Long-eared bats

Here is a picture of long-eared bats

In Central Europe molecular studies have revealed the existence of three sibling species of long-eared bats, Plecotus auritus, P. austriacus and, very recently in the Swiss Alps, P. macrobullaris. The new discovery of cryptic species may significantly change our view about the distribution, abundance, ecology and accordingly the conservation status of the whole cryptic species complex.
The aim of this project was, using precise genetic tools, to specify the distribution of all three sister taxa and their ecological niche requirements in Switzerland as well as to specify their conservation status.
Therefore we developed an identification method based on external morphological measurements, which is, contrary to identification by eye, safe and contrary to genetic analyses directly applicable in the field. We also investigated dietary and foraging habitat preferences, which may provide guidance for foraging habitat management. With the analysis of occurrences and potential distribution patterns we could highlight the rarity and sensibility to changes from the optimal habitat in P. austriacus, for which we propose an upgrade to a status of higher conservation concern on the Swiss Red List.

Uni Bern supervisors

Fabio Bontadina, Veronika Braunisch, Raphaël Arlettaz

External collaborators

Andres Beck, SWILD - Urban Ecology and Wildlife Research, Zurich, Switzerland

Andreas Kiefer, Johannes Gutenberg-University Mainz, Germany

Igor Pavlinic, Zoological Department of the Croatian Natural History Museum Zagreb, Croatia

Publications

Razgour, O., J. Juste, C. Ibáñez, A. Kiefer, H. Rebelo, S. J. Puechmaille, R. Arlettaz, T. Burke, D. A. Dawson, M. Beaumont & G. Jones. 2013. The shaping of genetic variation in edge-of-range populations under past and future climate change. Ecology Letters 16: 1258-1266. (PDF, 1.1 MB)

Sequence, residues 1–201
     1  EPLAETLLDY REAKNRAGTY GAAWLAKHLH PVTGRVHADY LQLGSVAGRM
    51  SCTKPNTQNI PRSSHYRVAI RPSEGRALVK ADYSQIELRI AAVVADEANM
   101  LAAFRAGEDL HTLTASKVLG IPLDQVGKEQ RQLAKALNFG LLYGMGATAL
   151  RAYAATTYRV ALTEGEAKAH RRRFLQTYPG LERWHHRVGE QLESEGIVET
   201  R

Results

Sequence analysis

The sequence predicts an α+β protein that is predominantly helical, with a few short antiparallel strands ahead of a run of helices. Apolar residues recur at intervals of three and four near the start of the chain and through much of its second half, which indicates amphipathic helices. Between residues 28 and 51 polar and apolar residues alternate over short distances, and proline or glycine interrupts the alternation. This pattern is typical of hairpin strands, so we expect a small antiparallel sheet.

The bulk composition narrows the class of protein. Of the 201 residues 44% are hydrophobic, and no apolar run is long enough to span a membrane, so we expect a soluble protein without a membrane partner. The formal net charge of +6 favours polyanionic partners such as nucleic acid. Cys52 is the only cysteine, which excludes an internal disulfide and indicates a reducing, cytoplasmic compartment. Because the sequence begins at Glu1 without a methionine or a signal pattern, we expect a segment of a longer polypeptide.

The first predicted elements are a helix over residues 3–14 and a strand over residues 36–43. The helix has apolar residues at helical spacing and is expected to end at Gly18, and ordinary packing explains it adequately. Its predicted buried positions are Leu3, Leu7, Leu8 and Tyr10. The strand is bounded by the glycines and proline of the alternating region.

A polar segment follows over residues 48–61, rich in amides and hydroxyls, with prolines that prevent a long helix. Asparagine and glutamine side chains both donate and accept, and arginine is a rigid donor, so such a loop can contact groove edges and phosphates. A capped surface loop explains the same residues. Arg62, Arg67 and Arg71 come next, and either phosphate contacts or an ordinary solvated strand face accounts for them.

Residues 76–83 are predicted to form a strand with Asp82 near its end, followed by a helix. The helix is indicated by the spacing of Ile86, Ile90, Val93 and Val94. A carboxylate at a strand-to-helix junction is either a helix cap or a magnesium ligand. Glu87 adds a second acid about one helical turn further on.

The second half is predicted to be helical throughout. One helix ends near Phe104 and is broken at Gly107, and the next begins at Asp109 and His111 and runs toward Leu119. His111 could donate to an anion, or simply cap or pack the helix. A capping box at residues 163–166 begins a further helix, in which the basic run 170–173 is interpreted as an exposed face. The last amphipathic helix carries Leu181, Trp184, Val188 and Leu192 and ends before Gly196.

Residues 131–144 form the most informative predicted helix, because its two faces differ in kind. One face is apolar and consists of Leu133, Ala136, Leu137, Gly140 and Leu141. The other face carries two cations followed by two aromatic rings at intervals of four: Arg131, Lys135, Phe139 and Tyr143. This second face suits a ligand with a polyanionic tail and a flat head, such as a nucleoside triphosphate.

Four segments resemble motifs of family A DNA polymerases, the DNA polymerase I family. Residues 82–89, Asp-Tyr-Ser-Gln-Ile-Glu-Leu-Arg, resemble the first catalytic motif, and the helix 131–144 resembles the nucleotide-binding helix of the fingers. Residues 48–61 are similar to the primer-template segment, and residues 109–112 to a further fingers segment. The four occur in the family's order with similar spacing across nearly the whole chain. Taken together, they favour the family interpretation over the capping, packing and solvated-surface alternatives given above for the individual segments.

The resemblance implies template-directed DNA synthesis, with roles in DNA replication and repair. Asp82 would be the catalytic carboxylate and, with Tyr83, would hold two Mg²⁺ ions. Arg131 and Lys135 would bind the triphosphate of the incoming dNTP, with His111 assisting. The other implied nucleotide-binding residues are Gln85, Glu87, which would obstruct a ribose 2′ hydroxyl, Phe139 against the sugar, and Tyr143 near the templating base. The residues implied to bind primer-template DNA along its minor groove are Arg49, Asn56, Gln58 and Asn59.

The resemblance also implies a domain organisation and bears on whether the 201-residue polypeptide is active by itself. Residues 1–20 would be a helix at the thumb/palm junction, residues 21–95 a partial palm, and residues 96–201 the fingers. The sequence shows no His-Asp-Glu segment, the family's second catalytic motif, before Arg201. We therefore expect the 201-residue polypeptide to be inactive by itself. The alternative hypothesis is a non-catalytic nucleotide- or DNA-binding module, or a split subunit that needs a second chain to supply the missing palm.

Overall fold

Ashrafi, S., M. Rutishauser, K. Ecker, M.K. Obrist, R. Arlettaz & F. Bontadina. 2013. Habitat selection of three cryptic Plecotus bat species in the European Alps reveals contrasting implications for conservation. Biodiversity and Conservation 22: 2751-2766. (PDF, 359KB)

Rutishauser, M.D., F. Bontadina, V. Braunisch, S. Ashrafi & R. Arlettaz. 2012. The challenge posed by newly discovered cryptic species: disentangling the environmental niches of long-eared bats. Diversity and Distributions 18: 1107-1119. (PDF, 476KB)

Ashrafi, S., A. Beck, M. Rutishauser, R. Arlettaz & F. Bontadina. 2011. Trophic niche partitioning of cryptic species of long-eared bats in Switzerland: implications for conservation. European Journal of Wildlife Research 57: 843-849. (PDF, 168KB)

Ashrafi, S., F. Bontadina, A. Kiefer, I. Pavlinic & R. Arlettaz. 2010. Multiple morphological characters needed for field identification of cryptic long-eared bat species around the Swiss Alps. Journal of Zoology 281: 241-248. (PDF, 256KB)

Related PhD Thesis

Ashrafi, S. 2010. Resource partitioning in three cryptic, sympatric bat species (Plecotus spp.) with contrasting conservation status. PhD Thesis, University of Bern. (PDF, 2.3 MB)

Related Diploma/Master Thesis

Rutishauser, M. 2009. The challenge posed by newly discovered cryptic species: Exploring the environmental niches of long-eared bats in Switzerland. Diploma Thesis, University of Bern. (PDF, 863KB)